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Mace & Crown | March 25, 2017

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Road to the Oscars: ‘Hidden Figures,’ ‘Hell or High Water’ and ‘Fences’

Road to the Oscars: ‘Hidden Figures,’ ‘Hell or High Water’ and ‘Fences’

Tyler Passarge Staff Writer

Staff Writer

Courtesy Twentieth Century Fox

Courtesy Twentieth Century Fox

‘Hidden Figures’ (2016) | PG | 127 min. | 🎬🎬🎬

As the U.S. raced the Russians to space exploration in the 1960s, NASA became desperate to put a man in space. In that desperation, they put their trust in a group of African-American female mathematicians, commonly referred to as “computers.” The film focuses on three of those women who fought racial and gender segregation in order to put astronaut John Glenn into space.

Based on the novel written by Hampton Roads native Margot Lee Shetterly, “Hidden Figures” boasts a story that needed to be told. There’s no denying that this movie has the good intention of being an inspirational film. “Hidden Figures” is a warm-hearted film that lives to inspire and dares its audience to never back down from their fight. In that regard, the film has a winning formula.

While “Hidden Figures” is good, the aesthetics of the film keep this movie from being great. By design, the film is supposed to make an audience feel good as they are walking out of the theater. However, the sentimentality of “Hidden Figures” can be quite overbearing at times with directional cues and story elements that feel expendable.

That being said, the problems that the film faces feels minor when it comes to the overall viewing experience. Sentimentality is never a bad thing in a film, especially for a film of this caliber. “Hidden Figures” is still a film that’s entertaining and will be the source of inspiration for many who aspire to make history and break barriers.

Although it falls short of being great, “Hidden Figures” is a good inspirational film with a satisfying end result.

This film is now playing in theaters.


Courtesy CBS Films

Courtesy CBS Films

‘Hell or High Water’ (2016) | R | 102 min. 🎬🎬🎬🎬

After the death of his mother, Toby (Chris Pine) concocts a plan to save his mother’s ranch from the bank ready to possess it. Toby enlists his trouble-making brother, Tanner (Ben Foster), to rob a series of banks in order to raise the money he needs to keep the ranch. Things become risky for the brothers when they catch the attention of the unrelenting Texas Ranger, Marcus (Jeff Bridges).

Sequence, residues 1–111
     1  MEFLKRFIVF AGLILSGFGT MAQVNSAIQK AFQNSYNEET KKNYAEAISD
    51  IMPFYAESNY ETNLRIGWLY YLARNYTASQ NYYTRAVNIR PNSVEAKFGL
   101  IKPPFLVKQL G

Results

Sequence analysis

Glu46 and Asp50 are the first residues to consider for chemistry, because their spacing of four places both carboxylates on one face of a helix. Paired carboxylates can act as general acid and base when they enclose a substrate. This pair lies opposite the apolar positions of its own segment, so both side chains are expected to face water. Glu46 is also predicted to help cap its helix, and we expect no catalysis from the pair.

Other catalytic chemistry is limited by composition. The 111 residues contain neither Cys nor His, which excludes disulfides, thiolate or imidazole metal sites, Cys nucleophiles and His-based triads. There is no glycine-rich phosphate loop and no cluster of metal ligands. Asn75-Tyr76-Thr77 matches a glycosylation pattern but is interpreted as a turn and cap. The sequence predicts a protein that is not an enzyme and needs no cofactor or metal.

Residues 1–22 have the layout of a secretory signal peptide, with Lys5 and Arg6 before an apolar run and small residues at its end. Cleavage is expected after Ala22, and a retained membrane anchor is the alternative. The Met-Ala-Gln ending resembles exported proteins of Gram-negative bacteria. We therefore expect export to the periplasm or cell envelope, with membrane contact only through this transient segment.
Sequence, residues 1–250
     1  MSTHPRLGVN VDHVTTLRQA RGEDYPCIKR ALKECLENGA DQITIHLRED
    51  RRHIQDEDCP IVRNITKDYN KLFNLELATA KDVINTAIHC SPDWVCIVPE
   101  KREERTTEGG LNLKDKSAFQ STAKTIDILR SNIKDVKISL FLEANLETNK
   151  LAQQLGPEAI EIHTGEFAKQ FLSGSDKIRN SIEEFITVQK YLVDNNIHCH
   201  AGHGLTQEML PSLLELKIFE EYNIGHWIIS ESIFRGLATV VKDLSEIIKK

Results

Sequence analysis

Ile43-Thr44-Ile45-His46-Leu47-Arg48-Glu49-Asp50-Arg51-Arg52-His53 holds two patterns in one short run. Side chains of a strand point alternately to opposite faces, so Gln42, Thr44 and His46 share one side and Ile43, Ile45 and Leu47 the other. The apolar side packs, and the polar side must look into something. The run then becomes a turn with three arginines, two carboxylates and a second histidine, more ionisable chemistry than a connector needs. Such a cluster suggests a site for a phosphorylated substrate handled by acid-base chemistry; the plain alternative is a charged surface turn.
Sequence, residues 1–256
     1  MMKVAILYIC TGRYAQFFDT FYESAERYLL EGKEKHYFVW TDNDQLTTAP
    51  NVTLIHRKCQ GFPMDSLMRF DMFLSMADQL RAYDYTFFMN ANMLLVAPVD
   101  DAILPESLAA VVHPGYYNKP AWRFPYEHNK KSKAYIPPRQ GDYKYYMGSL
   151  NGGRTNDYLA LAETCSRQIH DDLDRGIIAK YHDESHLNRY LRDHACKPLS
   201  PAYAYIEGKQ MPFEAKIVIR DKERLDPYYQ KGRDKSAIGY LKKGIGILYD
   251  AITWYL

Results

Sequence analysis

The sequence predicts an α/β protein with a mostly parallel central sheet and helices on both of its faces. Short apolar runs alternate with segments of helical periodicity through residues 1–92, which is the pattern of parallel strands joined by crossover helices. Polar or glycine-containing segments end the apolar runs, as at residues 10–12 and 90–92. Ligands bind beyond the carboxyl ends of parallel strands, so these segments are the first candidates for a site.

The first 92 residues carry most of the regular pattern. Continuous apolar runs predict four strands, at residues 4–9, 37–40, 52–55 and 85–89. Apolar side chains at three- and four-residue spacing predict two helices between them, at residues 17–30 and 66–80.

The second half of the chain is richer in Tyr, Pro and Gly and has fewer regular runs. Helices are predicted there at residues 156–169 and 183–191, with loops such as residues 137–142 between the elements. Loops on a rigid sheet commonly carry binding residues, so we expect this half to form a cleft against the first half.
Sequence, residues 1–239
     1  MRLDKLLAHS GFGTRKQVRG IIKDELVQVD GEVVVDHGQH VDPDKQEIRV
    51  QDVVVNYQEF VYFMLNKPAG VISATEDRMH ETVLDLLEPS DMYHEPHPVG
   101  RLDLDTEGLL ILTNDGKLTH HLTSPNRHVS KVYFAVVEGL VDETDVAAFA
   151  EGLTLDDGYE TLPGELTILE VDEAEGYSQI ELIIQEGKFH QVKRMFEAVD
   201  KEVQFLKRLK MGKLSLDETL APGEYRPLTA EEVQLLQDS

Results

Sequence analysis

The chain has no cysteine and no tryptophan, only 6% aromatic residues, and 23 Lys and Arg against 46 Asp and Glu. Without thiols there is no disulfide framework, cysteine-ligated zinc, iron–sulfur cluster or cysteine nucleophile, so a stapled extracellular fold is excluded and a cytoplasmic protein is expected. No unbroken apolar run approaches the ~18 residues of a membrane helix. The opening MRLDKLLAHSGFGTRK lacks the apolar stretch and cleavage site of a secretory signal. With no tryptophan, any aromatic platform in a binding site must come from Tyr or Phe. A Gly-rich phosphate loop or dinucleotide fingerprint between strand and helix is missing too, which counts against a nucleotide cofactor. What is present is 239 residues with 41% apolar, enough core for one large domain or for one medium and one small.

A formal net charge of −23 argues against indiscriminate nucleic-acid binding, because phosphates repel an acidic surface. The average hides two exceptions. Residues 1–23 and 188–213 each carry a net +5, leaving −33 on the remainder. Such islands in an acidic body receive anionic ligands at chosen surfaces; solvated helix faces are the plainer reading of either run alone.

When the film opens, the audience is first introduced to Pine and Foster’s characters as they hold a lone woman at gunpoint and demand money. These are characters that would be deemed villains in any other narrative. It’s only when their motives are articulated in the film that the viewer is willing to see them as the good guys. It’s that cleverness that holds “Hell or High Water” to a different level.

This is a film that can easily be framed as a modern day western. Pine and Foster take up the roles of outlaws who do the wrong thing for the right reasons. In the world of “Hell or High Water,” there is no good or evil. No black or white. Each character is motivated by a world where morality is a gray area and nothing ever comes easy.

The film is written by Taylor Sheridan, who wrote the 2015 crime drama “Sicario.” With his script for “Hell or High Water,” Sheridan brings in the same electric intensity that made his previous film work. Much like “Sicario,” the awesome script is only boosted by the equally great direction and performances.

Thanks to a wonderful script, “Hell or High Water” is an intense film that deals with the themes of desperation and the bonds between friends and family.
This film is available on DVD and Blu-Ray.


Courtesy Paramount Pictures

Courtesy Paramount Pictures

‘Fences’ (2016) | PG-13 | 139 min. 🎬🎬🎬🎬

Bitter about the way his life has turned out, Troy (Denzel Washington) has always tried to maintain a sense of control. He works every day at a blue-collar job to support his wife (Viola Davis) and his two sons while also taking care of his brother. While Troy can be loving and truly cares about his family, he holds a far more bitter side of him that’s made up of missed opportunities.

Taken straight from the stage, “Fences” is a film adaptation written by August Wilson. The film’s two headlining stars, Washington and Davis, have worked with the material on stage before. This experience shows in an impressive way. The performances from Washington and Davis are a marvel to witness as the two play the roles with an intensity that’s good enough to be studied in acting classes.

While he stars in the film, Washington took his admiration for the material to a different level by taking on the position as director for “Fences.” Washington made the choice to frame the film in limited spaces and keep the script mostly intact. His choices as a director make audiences feel as though they are watching the stage show with a cinematic scope.

The dedication to the play’s material is both a strength of the film as well as a detriment in some places. Washington kept himself tied to the play’s script, which prevented him from retooling elements from the play that didn’t translate well to the screen. This includes Mykelti Williamson’s overly theatrical performance as Troy’s war-affected brother.

Some elements don’t work on the film, but the performances and handling of Wilson’s material make “Fences” a powerful inhale of American theater.
This film is now playing in theaters.


Rating System:

🎬 — Should’ve Been Snubbed
🎬🎬 — All Politics
🎬🎬🎬 — Just Happy to be Nominated
🎬🎬🎬🎬 — The Contender
🎬🎬🎬🎬🎬 — Taking Home the Gold